This dataset contains temperature profile data from 16 saline lakes of the Vestfold Hills, Antarctica. The data were obtained during the 1985-86 summer season and the latter half of 1987. These lakes can be grouped into two classes: those with maximum salinities (anywhere in the water column) greater than 100g kg-1 (ppt) and those with less. The saltier group are usually shallower, tend to be warmer in summer, colder in winter and have thinner ice cover.
Salinity gradients in the water column can completely dominate temperature gradients as determinants of density and thus warmer water is not infrequently found beneath colder water. Temperature, in this situation, can be a sensitive tracer of brine movements. Winter freeze-out of brines during the growth of surface ice can produce both a deepened well-mixed layer and discrete brine flows from the lake edge to intermediate depths of equivalent density near the lakes deepest point. The process is clearly shown in the profiles of Organic Lake.
This dataset provides thermal structure data for the sixteen lakes studied in the Vestfold Hills. Other previous studies have investigated biological and physical properties of these lakes. Depth and temperature profile measurements were made at 16 saline lakes, while they were covered with ice. Holes were drilled using a Jiffy ice Drill, and the zero level for each cast was taken at the water/ice interface. All temperatures are reported in degrees centigrade. During the 1995-96 summer season, temperature and depth data for the profiles (except for Pendant Lake) were measured using a Yeo-Kal model 606 submersible data logger (SDL). The SDL was usually lowered in discrete intervals and held stationary for 15-20 seconds, providing 3 to 4 temperature and depth registrations for each depth, only one data point for each depth is given. Temperature measurements at Pendant Lake were made using a Phox oxygen/temperature metre model number 62 TE. In 1987, profiles were taken using a Platypus conductivity-temperature-depth recording unit (Platypus Engineering, Loyetea, Tasmania). The unit was lowered in measured 10 cm intervals and held at each depth for 30 seconds, recording every 5 seconds. The online data also provides data for other parameters.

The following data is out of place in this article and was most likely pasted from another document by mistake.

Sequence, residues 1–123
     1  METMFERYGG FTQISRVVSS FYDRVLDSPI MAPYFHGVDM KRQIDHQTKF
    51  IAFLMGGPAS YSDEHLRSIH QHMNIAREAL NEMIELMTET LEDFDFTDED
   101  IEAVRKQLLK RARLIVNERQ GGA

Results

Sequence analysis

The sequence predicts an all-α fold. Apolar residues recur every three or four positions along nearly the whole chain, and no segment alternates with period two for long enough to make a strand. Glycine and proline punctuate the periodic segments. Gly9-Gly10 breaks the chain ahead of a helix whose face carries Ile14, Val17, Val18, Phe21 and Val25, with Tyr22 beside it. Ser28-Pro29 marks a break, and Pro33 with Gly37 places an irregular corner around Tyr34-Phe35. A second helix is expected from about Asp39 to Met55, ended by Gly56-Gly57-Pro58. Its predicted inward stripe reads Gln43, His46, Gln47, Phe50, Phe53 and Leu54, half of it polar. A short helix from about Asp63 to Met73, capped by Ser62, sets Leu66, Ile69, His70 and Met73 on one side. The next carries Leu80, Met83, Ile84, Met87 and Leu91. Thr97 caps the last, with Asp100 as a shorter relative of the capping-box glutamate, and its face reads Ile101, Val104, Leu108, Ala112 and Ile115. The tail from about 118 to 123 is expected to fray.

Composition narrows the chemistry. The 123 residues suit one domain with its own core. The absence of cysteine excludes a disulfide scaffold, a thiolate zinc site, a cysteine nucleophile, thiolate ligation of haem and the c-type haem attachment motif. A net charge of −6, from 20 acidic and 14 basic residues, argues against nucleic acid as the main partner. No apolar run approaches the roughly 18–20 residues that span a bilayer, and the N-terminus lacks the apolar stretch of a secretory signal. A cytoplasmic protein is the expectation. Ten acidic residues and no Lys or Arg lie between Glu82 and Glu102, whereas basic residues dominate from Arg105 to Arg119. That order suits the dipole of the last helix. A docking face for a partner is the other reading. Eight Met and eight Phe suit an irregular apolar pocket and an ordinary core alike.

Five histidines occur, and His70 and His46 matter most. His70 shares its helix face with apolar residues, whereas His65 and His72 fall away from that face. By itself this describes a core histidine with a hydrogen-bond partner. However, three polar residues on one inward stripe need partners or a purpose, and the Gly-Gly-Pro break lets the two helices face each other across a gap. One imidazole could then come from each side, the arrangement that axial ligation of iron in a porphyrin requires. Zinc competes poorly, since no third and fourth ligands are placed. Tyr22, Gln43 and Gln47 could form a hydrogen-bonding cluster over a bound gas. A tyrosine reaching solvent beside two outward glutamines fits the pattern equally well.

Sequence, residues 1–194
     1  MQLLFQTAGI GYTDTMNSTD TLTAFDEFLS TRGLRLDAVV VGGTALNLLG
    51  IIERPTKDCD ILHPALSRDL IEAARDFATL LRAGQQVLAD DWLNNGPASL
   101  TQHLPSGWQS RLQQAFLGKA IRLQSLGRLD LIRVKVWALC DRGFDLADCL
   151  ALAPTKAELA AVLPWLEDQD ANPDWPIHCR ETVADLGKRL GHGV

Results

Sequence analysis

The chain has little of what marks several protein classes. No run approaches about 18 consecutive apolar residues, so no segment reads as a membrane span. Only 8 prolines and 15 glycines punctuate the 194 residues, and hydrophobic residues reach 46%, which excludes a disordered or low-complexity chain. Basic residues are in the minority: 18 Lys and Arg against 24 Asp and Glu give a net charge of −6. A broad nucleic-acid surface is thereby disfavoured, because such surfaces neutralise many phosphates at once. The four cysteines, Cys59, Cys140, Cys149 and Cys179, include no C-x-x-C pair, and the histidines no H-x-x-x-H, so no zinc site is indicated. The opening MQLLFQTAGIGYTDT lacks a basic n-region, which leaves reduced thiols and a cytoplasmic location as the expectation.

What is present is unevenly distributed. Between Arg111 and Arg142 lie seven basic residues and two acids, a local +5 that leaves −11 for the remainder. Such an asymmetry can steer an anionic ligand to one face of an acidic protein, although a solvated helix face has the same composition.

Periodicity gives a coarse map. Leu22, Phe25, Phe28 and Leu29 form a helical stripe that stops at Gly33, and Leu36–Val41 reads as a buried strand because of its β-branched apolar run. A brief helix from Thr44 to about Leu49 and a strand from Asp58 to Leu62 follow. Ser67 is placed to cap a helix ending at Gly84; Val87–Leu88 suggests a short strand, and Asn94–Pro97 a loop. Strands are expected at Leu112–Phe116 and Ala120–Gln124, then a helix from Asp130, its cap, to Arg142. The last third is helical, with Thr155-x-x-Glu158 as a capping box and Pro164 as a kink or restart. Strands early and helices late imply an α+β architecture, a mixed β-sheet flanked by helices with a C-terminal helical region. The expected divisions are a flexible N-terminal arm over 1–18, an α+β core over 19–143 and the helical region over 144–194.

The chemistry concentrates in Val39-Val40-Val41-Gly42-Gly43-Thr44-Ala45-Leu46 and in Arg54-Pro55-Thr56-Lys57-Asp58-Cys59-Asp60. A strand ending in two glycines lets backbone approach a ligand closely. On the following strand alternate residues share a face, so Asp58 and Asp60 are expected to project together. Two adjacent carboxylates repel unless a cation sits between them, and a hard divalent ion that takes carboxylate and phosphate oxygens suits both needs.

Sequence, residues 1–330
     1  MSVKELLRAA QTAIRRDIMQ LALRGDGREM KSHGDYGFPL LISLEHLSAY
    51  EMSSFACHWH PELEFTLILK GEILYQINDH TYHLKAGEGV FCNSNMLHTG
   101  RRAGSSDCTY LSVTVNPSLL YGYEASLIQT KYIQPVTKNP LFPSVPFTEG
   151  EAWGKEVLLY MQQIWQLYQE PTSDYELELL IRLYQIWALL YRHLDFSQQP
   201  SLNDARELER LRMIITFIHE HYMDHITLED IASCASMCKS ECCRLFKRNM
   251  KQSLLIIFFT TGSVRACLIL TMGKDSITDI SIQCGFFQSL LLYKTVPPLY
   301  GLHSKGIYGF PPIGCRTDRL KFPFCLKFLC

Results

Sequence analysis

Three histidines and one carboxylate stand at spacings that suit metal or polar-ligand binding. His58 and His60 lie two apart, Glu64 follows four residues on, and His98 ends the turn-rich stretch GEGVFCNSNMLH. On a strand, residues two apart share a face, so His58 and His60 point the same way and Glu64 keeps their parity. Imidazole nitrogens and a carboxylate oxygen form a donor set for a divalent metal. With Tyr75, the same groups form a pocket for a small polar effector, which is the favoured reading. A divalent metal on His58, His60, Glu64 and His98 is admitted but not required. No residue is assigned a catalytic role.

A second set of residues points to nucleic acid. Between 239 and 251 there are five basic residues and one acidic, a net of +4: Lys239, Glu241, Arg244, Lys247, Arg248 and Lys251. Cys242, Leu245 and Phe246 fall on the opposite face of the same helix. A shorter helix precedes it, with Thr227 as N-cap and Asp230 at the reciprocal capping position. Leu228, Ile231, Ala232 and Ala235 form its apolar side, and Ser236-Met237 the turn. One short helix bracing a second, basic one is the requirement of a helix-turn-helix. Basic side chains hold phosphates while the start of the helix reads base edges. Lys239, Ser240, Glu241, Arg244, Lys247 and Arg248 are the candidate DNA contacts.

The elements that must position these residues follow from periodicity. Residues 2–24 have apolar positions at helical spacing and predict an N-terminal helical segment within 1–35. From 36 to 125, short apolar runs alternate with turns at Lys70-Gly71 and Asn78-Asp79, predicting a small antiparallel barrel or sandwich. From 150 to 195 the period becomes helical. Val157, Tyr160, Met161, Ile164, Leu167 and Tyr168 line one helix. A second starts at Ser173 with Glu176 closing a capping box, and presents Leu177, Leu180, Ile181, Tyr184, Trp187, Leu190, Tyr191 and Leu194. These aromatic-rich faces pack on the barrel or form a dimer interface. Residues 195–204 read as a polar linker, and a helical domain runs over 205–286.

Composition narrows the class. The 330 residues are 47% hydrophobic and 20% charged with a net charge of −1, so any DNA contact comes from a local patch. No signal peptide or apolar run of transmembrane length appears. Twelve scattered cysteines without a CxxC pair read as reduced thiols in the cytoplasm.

The fields in this dataset are: